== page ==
“The pictures are like heavenly choirs composed of waifs and strays, down-and-outs, odd balls in even holes, each allowed its own voice which then combines with the others in surprising harmony.” - Danto on Schwitters
There’s a man who spends his days sitting on the sidewalk of my Brooklyn neighborhood who makes me unreasonably happy every time I see him. Adopting a lonely strip on Columbia Street by the piers, he creates temporary and sometimes mobile outdoor environments out of a basic constellation of found objects. Some days he pushes a shopping cart filled with discarded stuff: shoes, newspapers, cardboard boxes, two liter bottles, cans of cat food. He brings a singular visual energy to the arrangement of these objects, a chaotic still life of urban detritus. The shopping cart has an umbrella attached, and over the umbrella he drapes a noisy rainbow striped blanket, slowly making his way down the street under its canopy. This rainbow blanket is the idée fixe of his arrangements. He wraps it around his head, or it becomes his cape, his cloak, encircling him and his oversized army pants along with a few other bright textiles. With so much drapery, he looks like a desert nomad, but with the volume and gravitas of a prophet. He often careens around on a bike overloaded with bags, perilously steering with one hand and holding the umbrella aloft in the other, his layers of clothing floating in and around him in surreal equilibrium.
He is Eshete Woldeyilma, and I think of him as an outsider artist, a man, as DuBuffet put it, “unscathed by artistic culture.” An Ethiopian refugee who fled the Mengistu genocide thirty years ago, he walked over a thousand miles through the desert to escape to Sudan before eventually making his way to New York. Injured in a construction accident, he now lives on welfare and food stamps. He comes to the Columbia Street Waterfront District everyday from his housing in Manhattan primarily to feed an extended family of stray cats living in the construction zone on Columbia Street. He considers them family. All of his cats are named after world leaders, from the eldest, Cleopatra, to the youngest, Churchill.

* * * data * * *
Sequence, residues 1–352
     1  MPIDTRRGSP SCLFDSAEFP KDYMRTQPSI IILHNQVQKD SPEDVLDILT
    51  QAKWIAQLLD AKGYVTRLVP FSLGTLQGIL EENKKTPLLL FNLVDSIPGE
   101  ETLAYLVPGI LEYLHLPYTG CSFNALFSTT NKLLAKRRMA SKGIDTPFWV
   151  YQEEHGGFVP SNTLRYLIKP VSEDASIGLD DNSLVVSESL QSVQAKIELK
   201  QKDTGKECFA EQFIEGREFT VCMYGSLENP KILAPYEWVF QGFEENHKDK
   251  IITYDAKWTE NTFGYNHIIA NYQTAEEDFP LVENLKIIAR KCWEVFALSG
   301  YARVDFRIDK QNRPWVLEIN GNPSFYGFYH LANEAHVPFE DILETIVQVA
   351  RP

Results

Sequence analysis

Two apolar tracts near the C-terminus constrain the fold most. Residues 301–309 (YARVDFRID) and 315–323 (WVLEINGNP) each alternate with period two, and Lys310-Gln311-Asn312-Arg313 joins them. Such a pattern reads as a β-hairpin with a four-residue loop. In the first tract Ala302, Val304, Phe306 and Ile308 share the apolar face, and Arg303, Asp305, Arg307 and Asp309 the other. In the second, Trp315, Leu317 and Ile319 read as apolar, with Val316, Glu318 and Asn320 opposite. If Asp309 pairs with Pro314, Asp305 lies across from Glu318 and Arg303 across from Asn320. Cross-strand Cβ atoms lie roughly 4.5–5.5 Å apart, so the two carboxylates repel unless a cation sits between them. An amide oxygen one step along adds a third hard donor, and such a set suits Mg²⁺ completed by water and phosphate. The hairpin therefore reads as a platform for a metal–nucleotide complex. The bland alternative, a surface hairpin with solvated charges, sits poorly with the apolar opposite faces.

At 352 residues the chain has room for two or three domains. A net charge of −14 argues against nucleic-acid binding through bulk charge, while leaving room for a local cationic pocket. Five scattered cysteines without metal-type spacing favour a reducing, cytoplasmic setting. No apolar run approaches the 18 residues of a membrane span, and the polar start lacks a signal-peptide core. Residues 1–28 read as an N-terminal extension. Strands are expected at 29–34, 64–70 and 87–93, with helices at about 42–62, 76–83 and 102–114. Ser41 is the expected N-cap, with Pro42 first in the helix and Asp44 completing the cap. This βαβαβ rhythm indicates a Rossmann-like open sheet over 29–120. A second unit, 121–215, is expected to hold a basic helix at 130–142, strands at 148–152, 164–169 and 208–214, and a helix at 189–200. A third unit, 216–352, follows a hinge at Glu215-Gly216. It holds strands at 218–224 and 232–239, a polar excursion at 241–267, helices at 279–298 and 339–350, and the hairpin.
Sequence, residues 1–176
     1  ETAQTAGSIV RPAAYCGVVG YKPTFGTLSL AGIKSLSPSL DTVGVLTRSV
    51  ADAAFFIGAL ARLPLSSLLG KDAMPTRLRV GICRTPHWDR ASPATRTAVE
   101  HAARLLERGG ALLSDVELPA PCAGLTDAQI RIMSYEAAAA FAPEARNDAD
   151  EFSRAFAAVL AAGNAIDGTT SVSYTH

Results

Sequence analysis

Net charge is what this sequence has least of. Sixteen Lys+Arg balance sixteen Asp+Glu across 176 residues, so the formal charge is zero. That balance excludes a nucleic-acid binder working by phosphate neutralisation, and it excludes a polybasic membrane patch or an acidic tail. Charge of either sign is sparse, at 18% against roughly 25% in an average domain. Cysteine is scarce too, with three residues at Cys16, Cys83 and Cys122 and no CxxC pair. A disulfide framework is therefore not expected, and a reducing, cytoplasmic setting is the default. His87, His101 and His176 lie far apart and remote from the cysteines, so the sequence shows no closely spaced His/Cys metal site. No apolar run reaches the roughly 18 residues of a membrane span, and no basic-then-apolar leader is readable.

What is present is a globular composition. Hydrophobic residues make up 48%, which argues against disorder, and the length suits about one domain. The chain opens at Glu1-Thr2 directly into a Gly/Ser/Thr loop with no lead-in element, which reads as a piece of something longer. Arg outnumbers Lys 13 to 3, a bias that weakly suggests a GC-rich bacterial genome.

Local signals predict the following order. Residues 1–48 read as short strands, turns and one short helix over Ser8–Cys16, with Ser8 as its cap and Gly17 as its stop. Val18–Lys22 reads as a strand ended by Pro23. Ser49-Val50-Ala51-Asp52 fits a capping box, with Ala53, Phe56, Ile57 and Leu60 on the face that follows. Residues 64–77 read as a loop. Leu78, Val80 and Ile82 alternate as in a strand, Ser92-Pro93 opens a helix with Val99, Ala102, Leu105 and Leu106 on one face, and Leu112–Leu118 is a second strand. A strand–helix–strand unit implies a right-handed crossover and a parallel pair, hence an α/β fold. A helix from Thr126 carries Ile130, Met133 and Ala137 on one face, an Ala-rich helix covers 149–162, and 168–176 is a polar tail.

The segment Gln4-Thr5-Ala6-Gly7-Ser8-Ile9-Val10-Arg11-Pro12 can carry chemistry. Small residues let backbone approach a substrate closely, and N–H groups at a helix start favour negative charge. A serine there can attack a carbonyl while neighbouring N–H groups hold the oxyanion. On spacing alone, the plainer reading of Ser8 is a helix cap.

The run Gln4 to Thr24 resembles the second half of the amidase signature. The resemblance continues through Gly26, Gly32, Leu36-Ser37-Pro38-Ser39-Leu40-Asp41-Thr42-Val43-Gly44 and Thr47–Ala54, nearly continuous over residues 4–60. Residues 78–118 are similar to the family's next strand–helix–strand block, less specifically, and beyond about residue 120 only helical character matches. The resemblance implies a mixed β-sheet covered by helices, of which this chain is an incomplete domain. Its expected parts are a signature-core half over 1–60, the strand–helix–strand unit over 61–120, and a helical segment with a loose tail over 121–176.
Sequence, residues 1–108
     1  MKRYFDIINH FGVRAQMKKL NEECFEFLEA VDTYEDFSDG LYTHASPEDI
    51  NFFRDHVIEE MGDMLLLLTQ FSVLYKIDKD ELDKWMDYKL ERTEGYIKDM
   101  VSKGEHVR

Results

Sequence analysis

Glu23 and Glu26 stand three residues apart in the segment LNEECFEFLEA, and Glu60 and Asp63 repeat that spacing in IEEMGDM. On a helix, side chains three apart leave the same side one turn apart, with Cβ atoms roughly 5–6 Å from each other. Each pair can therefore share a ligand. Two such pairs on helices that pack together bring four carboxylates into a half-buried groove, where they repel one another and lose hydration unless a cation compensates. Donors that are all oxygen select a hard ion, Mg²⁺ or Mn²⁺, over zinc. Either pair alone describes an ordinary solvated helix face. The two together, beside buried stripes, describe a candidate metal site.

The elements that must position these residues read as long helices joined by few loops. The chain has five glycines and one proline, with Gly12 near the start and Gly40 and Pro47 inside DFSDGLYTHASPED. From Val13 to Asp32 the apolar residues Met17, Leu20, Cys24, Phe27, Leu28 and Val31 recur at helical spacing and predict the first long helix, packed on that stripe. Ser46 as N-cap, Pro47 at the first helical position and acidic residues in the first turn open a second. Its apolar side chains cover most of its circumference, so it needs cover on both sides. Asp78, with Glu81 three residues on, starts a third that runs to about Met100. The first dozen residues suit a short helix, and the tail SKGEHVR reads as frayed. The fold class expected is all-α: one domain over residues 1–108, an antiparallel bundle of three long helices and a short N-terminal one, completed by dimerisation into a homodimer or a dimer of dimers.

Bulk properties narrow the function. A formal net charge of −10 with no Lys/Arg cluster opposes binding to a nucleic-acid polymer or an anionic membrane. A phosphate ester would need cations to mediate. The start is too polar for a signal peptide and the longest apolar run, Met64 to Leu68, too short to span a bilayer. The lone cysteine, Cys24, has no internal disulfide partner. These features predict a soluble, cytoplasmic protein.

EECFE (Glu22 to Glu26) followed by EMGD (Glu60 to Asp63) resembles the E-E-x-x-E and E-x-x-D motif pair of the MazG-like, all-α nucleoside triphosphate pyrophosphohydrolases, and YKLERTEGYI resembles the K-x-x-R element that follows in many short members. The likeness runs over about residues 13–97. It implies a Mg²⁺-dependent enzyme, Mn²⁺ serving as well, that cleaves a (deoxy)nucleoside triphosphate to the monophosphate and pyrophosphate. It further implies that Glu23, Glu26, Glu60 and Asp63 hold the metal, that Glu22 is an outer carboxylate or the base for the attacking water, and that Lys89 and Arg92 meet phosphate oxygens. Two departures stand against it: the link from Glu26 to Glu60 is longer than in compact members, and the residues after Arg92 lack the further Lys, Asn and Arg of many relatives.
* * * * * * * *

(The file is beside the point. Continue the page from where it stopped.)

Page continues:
In pointing out that Eshete is an outsider artist, I do not mean to romanticize what is likely a life of poverty and hardship. Instead I’m trying to give credit where it’s due. As I drive to work each day, my sporadic sightings of him are enough, indeed sometimes the only thing, to draw me out of the fog of loss and malaise in which I frequently find myself. I shift from my own dismay, quiet and muffled, and instead think of him: losing, losing, walking, losing. At the end of all the losing he clings to an outsized rainbow blanket, a blanket he commands as a multifaceted prop to magnify and shape existence. At the end of the losing there’s a family of cats, with whom he shelters, surrounded by a careful collection of castaways. In one of his letters, Aldous Huxley describes the search for visionary experience via colors, art, jewels, anything bright, telling us that “shiny objects remind the subconscious of what is there, at the mind’s Antipodes, and being so reminded, the subconscious turns away from the ordinary world towards the visionary world.” Eshete wields his rainbow blanket as a weapon against the mundane and the expected. He survives with flamboyance, with joyful and idiosyncratic distortions of the environment. Because he often sits in a battered armchair on Columbia Street, he is sometimes framed by the impersonal skyline of Manhattan. A disenfranchised king, imperiled, full of grand gestures, he lives a visionary existence on a small stretch of sidewalk, an outsider architect without a building.
A section of one of my mother’s poems I found, after she died:
The more eloquently they build the longer
they live. Birds, outrageous birds,
outlandish hearts...longer they live.
-Vicki Kennelly Stock
Jennifer Stock is a Brooklyn-based composer, writer, and video artist. She recently completed a doctorate in music composition as a Chancellor’s Fellow at the CUNY Graduate Center, and she regularly contributes pieces on music, art and technology to the blog I Care If You Listen.